When unveiled more than four years ago at the 2012 Detroit motor show, the NSX was designed to carry a naturally-aspirated 3.5-litre engine in unison with its hybrid drive system.
Eventually, however, Honda engineers managed to convince their bosses that the car needed more power and torque to be a true supercar.
Speaking with CarAdvice at the launch of the 2017 Honda NSX in Portugal today, the NSX project’s chief engineer, Jason Bilotta, admitted that a lot had to change from the original concept to get to the car as it is today.
MORE: Honda NSX DRIVEN
“Originally when we showed our styling in the Detroit auto show in 2012, it had an exotic car appearance and we were proceeding with trying to deliver the next-gen NSX and working with a normally-aspirated V6 engine that used a lot of commonality [with existing Honda products], but also trying to leverage our sports hybrid system,” Bilotta told CarAdvice.
“But the further we got along with the project, we understood that the segment is growing. We thought about the power that we were getting from the sport hybrid system and we recognised that we wouldn’t have room to grow in the life cycle and we would be somewhat limited.”
Bilotta said that while the naturally-aspirated version of the NSX as originally intended would’ve still been great, it was not what the NSX stood for, in the sense that it needed to move the bar once again - like the original did so many years ago.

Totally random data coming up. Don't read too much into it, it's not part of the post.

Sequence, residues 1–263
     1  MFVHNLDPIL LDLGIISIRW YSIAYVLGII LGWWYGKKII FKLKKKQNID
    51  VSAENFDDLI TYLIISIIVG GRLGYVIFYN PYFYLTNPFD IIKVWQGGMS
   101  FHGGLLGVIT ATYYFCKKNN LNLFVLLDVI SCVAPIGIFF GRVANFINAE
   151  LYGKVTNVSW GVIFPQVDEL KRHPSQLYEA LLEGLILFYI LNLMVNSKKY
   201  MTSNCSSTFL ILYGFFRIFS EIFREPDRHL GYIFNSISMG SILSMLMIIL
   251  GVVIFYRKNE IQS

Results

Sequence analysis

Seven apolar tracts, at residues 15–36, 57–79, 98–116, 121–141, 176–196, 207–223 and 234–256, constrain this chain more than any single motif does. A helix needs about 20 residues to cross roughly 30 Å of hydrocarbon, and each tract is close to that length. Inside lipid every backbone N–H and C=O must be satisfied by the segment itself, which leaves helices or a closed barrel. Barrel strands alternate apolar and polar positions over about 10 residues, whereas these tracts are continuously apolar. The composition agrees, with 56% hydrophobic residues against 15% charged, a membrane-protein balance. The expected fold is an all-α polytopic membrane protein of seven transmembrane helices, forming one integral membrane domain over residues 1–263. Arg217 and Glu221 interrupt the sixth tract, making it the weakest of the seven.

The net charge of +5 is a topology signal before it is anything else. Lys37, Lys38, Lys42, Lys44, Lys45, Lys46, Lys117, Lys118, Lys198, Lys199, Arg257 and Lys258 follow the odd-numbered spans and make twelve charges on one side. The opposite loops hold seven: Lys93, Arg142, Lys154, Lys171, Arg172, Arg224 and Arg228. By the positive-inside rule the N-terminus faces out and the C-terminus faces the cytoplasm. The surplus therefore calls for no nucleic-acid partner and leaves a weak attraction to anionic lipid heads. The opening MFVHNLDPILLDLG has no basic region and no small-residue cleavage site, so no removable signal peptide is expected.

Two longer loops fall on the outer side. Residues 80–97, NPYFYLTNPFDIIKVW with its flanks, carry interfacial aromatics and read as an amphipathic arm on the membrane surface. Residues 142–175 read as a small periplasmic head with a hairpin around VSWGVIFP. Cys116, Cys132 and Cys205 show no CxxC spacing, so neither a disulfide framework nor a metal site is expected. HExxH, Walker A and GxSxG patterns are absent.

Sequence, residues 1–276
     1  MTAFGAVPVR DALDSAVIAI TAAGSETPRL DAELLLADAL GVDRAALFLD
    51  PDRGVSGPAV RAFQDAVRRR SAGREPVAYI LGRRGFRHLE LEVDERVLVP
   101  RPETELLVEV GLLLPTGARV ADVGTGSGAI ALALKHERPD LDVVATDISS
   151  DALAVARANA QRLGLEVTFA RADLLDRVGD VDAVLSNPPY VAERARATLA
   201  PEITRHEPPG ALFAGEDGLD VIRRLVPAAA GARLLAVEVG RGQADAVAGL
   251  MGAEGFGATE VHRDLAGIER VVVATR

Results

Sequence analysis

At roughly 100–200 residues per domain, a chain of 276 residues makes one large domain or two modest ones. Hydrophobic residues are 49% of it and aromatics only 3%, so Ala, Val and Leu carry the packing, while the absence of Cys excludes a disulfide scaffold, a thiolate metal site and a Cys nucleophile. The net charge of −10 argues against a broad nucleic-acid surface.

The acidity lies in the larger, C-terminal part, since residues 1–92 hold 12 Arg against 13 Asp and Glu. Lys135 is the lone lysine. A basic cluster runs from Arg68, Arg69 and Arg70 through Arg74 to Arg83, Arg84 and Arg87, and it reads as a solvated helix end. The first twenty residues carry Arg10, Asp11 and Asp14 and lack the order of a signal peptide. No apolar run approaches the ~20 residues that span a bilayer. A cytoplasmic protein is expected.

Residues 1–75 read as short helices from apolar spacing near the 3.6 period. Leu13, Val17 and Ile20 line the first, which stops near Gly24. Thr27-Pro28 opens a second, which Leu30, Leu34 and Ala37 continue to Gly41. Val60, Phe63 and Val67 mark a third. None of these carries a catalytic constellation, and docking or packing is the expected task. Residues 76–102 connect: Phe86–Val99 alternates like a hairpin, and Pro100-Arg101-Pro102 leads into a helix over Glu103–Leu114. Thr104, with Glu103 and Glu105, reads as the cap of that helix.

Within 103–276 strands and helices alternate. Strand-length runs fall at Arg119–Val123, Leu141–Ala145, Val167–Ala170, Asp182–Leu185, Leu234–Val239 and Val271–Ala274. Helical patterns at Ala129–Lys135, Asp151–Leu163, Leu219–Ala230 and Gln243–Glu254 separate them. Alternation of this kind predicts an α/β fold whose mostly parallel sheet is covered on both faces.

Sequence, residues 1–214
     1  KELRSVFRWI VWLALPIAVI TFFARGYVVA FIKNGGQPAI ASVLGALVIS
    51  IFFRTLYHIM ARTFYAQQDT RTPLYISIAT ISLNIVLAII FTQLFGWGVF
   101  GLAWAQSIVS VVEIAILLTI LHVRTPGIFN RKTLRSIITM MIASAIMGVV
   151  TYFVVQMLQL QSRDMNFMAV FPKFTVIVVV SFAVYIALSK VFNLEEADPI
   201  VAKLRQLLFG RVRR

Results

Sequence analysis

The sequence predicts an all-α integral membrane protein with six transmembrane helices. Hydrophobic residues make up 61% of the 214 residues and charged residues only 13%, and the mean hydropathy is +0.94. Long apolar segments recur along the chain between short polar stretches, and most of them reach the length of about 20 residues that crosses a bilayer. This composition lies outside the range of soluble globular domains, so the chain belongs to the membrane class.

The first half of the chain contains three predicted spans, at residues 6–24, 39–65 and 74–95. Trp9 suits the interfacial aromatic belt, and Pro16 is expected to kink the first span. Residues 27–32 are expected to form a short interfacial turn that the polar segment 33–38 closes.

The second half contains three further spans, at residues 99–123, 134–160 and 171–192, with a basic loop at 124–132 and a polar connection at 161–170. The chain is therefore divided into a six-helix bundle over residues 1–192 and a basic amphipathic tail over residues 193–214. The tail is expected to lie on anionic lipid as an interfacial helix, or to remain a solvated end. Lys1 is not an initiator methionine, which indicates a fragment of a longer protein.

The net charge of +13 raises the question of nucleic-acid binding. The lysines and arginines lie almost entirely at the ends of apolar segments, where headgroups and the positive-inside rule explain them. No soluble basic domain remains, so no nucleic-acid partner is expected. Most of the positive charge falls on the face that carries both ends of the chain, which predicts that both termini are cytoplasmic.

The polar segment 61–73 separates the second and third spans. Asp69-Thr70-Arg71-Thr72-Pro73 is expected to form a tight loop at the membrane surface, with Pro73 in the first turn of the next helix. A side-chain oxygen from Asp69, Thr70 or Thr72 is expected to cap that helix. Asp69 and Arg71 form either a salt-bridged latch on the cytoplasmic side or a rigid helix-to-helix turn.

“So we began to put together a proposal to make an all exclusive engine and transmission to couple with our sport hybrid system to truly give the performance that you’re experiencing today and really give it the life-cycle [durability] and really be the NSX.”
The car that made it to production is powered by a 3.5-litre twin-turbo six-cylinder engine coupled to an advanced electric drive system, with a total system power output of 427kW and 646Nm. Far more than would’ve been possible with a non-turbo engine. Even so, Honda used the original engine as the foundation of what it has today.
“There are some common small componentry that we shared," Bilotta said. "We didn’t redevelop the combustion chamber for example, but it is a bespoke engine dedicated to this application.”
According to Bilotta, having made the decision to go for turbo-charging meant a near complete redesign of the car as it was originally intended.
“When we did that we had to change the packaging, the styling had to change... so much of the vehicle had to change at that point, which really is a big disruption in the middle of development, so it was a huge decision for us - but our executives understood what we were doing and finally were very supportive and excited that we made that proposal.”
The Honda NSX is produced in Ohio, USA with a current daily output of just eight units. Right hand drive production has already started for Japan and the UK, but Australian-specific vehicles won’t go into production till later this year.